body 216 (i.e. about 2 to about 10 times the radii 214 of bluff bodies 216).
For example, in an
embodiment where a fin pitch has a value of about 1 inch and a radius of the
bluff body has a value
of about 1 inch, the bluff body may be located between about 2 inches to about
10 inches upstream
from the associated collar. In this embodiment, the separation distance is
generally measured along
bisection lines 210 between the collars 208 and the associated bluff bodies
216. In some
embodiments, a bluff body may be located on a fin and separated from an
associated collar and/or
tube by a distance of about 0.1 to about 0.25 inches in an upstream direction.
In some embodiments,
the fin pitch may be a design parameter determined by the diameters of the
tubes. In some
embodiments, the diameter of tubes may be in a range of about 1/8 inch to
about 1 inch. In an
embodiment where the diameter of a tube is about 3/8 inch, the corresponding
appropriate fin pitch
may be in a range of about 0.05 inches to about 0.25 inches. It will be
appreciated that the size and
location of a bluff body 216 are parameters of the configuration of the bluff
body 216. In some
embodiments including the plate fin heat exchanger 200, the configuration of a
bluff body (i.e. a
dimension of the bluff body and the location of the bluff body relative to
either the tube andJor the
collar) is associated with and/or depends on the fin pitch of the heat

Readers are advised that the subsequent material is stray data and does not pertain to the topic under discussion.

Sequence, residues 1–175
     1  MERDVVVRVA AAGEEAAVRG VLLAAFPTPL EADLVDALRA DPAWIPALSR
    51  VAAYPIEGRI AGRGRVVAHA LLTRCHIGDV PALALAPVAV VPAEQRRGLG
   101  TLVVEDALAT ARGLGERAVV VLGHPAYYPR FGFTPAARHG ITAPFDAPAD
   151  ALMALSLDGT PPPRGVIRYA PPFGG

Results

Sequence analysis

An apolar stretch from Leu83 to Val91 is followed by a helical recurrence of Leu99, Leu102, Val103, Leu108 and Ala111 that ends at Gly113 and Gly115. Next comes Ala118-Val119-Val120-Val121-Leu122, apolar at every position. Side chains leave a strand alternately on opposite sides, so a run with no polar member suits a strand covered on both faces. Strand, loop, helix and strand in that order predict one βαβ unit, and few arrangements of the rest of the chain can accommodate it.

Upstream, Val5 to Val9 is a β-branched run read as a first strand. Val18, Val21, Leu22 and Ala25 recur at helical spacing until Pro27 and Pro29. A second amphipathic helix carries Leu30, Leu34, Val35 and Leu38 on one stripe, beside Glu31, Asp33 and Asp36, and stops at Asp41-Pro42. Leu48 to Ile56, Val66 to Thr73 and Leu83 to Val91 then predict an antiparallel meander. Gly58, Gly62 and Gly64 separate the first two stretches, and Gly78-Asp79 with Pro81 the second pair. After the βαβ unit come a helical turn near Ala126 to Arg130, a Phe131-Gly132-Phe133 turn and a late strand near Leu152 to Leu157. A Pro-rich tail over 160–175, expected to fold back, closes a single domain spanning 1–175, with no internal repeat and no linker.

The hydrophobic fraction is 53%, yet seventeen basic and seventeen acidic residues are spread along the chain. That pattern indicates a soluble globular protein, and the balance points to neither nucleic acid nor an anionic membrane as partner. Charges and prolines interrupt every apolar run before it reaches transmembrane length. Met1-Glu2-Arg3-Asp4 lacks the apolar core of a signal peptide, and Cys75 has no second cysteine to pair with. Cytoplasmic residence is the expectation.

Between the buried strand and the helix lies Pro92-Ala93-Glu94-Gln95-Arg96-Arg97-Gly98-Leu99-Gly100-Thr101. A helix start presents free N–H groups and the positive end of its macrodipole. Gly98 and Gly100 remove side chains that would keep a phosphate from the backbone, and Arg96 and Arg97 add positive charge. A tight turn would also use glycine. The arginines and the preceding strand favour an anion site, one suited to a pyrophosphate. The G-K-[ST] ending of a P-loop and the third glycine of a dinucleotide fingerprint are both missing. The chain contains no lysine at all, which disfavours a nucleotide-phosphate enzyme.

exchanger.
[0021j Referring now to Figure 3, an orthogonal view of a section of a fin
302 of a plate fin heat
exchanger 300 is shown. Plate fin heat exchanger 300 is substantially similar
to plate fin heat
exchanger 100, except that plate fin heat exchanger 300 comprises a bluff body
316 as described in
more detail below. The fin 302 comprises a plurality of turbulence-inducing
louvers 312 disposed
on a surface of fin 302. However, it will be appreciated that alternative
embodiments of heat
exchangers may include no turbulence-inducing louvers. An incoming flow of air
326 is indicated

CA 02753385 2011-08-22
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by dashed arrows. The dashed arrows point generally leftward in Figure 3,
thereby indicating
movement of the incoming flow of air 326 as being generally from right to left
in Figure 3. The
louvers 312 generally surround a non-louvered, generally flat, substantially
oval-shaped base region
310. A substantially annular collar 308 is secured to the base region 310 and
lies substantially
coaxial with a hole fanned in the fin 302. The collar 308 serves to increase
the mechanical strength
of the joinder between the fin 302 and a tube 302 that passes through the hole
and the collar 308.
The collar 308 also serves to increase the heat conductivity between the tube
306 and the fin 308.
The tube 306 is of the so-called "interactive" tube types and the tube 306
allows passage of fluids
(i.e. refrigerants) through tube 306 and consequently generally
perpendicularly through the thickness
of the fin 306. The fin 306, tube 306, and collar 308 are each constructed of
a suitable thetinally-
conductive material, such as, but not limited to, copper, aluminum, and the
like.
[0022] When the plate fin heat exchanger 300 is used in a cooling mode of
operation, the
incoming flow of air 326 transfers heat to the fluid flowing through the tube
306. When the plate fin
heat exchanger 300 is used in a heating mode of operation, heat is transferred
from the fluid flowing